This theme was selected when students talked about their relationship with teachers who had influenced their attitude toward teaching and learning. The three most frequently mentioned characteristics of positive role models were politeness, good communication with students in any field, and proficiency in their specific field.
The students reported that most of their teachers were positive role models who had an inspiring and encouraging influence on them. Students who reported their teachers’ role as negative became disinterested in learning.
As one student ascertained:
There is a team of lecturers that I think are excellent. They were really good lecturers, they were accessible and you could communicate with them about anything.
Another student said:
I liked teachers that were enthusiastic about their discipline and had excellent skills related to their specialty. These kinds of teachers motivated me to study hard.
Personal attitude and beliefs
A view frequently reported by students in semi-structured interviews was the effect of positive and negative attitude towards medicine.
One of the students said: A positive attitude about being a good physician encouraged me to be a successful student.
Another student argued that: My family insisted that I become a physician. I don’t like medicine myself and I have no motive to study.
This theme was reported specially by students in the clinical period. Some of the students said that they were treated badly in clinical wards for no reason except their inferior position in the ward. There were also numerous contacts between senior nurses, midwives, and medical students.
One of the students said: At the beginning of my rotation in the Coronary Care Unit the senior resident blamed me for not being able to answer questions about the Electro CardioGram(ECG) pattern.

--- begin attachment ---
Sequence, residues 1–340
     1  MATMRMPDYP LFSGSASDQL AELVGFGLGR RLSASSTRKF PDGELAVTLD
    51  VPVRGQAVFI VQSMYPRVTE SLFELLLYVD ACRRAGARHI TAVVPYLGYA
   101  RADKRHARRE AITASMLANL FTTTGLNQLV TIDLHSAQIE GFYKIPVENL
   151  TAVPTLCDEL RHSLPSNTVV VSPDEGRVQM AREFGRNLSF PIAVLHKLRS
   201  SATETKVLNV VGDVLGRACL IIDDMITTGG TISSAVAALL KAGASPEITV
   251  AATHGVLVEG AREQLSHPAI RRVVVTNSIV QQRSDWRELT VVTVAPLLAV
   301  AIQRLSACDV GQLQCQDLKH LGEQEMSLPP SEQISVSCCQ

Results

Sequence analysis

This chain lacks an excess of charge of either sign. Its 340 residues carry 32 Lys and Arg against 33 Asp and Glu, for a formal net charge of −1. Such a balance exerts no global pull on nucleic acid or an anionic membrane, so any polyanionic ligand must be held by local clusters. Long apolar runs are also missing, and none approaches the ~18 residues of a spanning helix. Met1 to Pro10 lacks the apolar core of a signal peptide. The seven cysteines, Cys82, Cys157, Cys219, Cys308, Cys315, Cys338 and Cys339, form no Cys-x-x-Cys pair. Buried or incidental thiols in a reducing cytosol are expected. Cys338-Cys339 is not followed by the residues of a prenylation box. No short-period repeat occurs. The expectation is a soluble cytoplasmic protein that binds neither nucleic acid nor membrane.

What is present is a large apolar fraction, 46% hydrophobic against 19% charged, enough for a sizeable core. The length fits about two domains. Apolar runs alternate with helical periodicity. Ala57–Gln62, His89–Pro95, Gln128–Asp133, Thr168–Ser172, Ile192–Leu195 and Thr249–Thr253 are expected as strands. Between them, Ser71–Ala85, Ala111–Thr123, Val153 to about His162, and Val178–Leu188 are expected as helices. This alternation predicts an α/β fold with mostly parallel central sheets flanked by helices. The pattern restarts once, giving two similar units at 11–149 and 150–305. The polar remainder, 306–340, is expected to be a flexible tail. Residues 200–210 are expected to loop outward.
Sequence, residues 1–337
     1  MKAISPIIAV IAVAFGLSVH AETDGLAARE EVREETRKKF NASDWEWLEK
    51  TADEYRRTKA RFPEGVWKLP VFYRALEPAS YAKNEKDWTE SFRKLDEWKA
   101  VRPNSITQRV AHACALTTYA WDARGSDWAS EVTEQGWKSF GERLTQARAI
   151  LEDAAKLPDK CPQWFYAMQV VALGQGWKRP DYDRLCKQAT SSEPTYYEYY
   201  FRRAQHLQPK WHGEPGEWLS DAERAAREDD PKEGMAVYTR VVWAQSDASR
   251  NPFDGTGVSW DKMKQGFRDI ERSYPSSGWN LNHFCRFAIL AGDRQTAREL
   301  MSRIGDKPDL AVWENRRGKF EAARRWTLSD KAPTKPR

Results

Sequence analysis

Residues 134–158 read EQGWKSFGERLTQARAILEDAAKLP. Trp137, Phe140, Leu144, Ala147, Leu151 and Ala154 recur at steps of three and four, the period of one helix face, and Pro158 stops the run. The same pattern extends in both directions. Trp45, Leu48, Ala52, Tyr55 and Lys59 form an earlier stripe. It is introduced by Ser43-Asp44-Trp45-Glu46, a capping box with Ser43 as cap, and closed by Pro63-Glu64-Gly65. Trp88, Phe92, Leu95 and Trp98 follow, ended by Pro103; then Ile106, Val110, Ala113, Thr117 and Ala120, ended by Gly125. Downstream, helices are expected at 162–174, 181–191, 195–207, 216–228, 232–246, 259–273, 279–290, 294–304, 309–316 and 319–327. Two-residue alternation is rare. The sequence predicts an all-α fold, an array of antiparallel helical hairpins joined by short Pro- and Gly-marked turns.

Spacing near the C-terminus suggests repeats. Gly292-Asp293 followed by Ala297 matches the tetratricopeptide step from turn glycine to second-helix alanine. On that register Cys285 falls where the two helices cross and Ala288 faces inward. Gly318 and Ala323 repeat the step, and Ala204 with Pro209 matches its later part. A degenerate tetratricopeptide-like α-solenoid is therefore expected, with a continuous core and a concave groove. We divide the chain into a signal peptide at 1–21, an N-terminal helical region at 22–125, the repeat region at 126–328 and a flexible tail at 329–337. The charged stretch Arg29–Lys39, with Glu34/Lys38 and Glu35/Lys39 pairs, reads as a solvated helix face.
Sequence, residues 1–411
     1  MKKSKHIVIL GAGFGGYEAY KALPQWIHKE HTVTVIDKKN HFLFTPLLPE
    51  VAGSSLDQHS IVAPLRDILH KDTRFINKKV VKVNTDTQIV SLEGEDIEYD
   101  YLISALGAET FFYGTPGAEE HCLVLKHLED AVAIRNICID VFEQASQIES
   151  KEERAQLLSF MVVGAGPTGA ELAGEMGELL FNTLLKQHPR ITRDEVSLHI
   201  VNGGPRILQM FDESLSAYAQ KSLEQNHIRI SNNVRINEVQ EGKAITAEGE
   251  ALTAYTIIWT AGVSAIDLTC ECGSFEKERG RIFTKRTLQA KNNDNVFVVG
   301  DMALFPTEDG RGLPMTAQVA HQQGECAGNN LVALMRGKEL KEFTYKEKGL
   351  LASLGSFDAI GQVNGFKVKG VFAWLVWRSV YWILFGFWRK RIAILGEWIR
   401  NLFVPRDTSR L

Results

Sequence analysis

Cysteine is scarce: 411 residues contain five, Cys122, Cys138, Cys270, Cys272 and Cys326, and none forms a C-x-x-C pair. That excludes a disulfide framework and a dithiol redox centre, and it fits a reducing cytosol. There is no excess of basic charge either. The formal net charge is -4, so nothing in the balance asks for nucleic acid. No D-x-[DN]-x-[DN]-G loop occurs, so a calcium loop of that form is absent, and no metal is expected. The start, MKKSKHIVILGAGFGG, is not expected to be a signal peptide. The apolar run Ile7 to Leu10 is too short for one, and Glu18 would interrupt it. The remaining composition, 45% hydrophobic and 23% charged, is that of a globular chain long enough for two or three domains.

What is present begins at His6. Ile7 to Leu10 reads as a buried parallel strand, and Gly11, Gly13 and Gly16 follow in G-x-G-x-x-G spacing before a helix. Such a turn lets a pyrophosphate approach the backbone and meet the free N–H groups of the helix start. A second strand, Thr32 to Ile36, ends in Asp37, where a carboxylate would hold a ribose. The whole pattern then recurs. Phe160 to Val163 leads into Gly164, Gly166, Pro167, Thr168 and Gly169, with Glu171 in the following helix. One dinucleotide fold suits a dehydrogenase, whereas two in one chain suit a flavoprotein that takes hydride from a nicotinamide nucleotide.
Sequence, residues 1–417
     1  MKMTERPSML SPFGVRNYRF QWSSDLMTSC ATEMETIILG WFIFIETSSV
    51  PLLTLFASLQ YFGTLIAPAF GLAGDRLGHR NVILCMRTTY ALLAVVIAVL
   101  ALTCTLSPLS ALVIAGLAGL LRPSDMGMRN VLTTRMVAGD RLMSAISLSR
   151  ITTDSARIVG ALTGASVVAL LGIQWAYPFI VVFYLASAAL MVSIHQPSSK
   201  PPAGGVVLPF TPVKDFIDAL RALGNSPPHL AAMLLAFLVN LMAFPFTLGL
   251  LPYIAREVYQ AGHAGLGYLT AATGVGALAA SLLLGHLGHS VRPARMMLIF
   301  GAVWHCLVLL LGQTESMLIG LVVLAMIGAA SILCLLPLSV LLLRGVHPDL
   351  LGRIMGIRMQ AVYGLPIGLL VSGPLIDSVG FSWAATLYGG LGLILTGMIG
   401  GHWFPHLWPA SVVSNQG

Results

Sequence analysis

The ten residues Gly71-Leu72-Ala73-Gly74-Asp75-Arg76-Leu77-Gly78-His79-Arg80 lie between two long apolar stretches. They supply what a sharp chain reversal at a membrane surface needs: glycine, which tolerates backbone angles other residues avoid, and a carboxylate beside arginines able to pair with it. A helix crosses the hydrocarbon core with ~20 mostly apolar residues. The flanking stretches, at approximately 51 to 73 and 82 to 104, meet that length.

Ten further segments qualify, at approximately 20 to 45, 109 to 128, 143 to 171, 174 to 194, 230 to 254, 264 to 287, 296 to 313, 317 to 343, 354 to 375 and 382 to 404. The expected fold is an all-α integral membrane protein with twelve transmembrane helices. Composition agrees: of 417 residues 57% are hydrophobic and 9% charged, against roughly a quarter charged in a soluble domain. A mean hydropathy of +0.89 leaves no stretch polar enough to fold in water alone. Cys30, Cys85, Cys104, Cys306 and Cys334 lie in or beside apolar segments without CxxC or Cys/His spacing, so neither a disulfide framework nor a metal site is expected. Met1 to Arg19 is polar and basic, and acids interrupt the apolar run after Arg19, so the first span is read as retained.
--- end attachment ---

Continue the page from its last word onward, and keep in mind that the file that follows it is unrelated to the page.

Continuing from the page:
Another student reported: When I went to the labor room, the midwives always said we are tired of teaching students that don’t know anything. Some of the nurses in the wards also gave us a bad time in the wards. In the operating room the paramedical staff always shouted at us “you ruined the sterility”.
Another student said: Medical school is like a military you should respect and obey all the persons that are superior.
Social and ethnic culture
This theme was reported approximately in all interviews. Shiraz Medical School is in the south of Iran and many ethnic groups study in this school including “Fars”, “Lor”, and “Turk”. This ethnic and cultural variability has some positive and negative points.
Competition between these groups was reported to be a negative consequence by the students, but the positive impact of this cultural diversity was reported by some of the students. There was a report of cooperative learning activities such as Peer Assisted Learning (PAL) and mentorship in which all the students tried to cooperate with each other and learn from their peers.
One of the students reported: As a team we need to do the whole thing cooperatively. We have a lot of cooperative groups in our medical school such as PAL group, mentorship group, etc.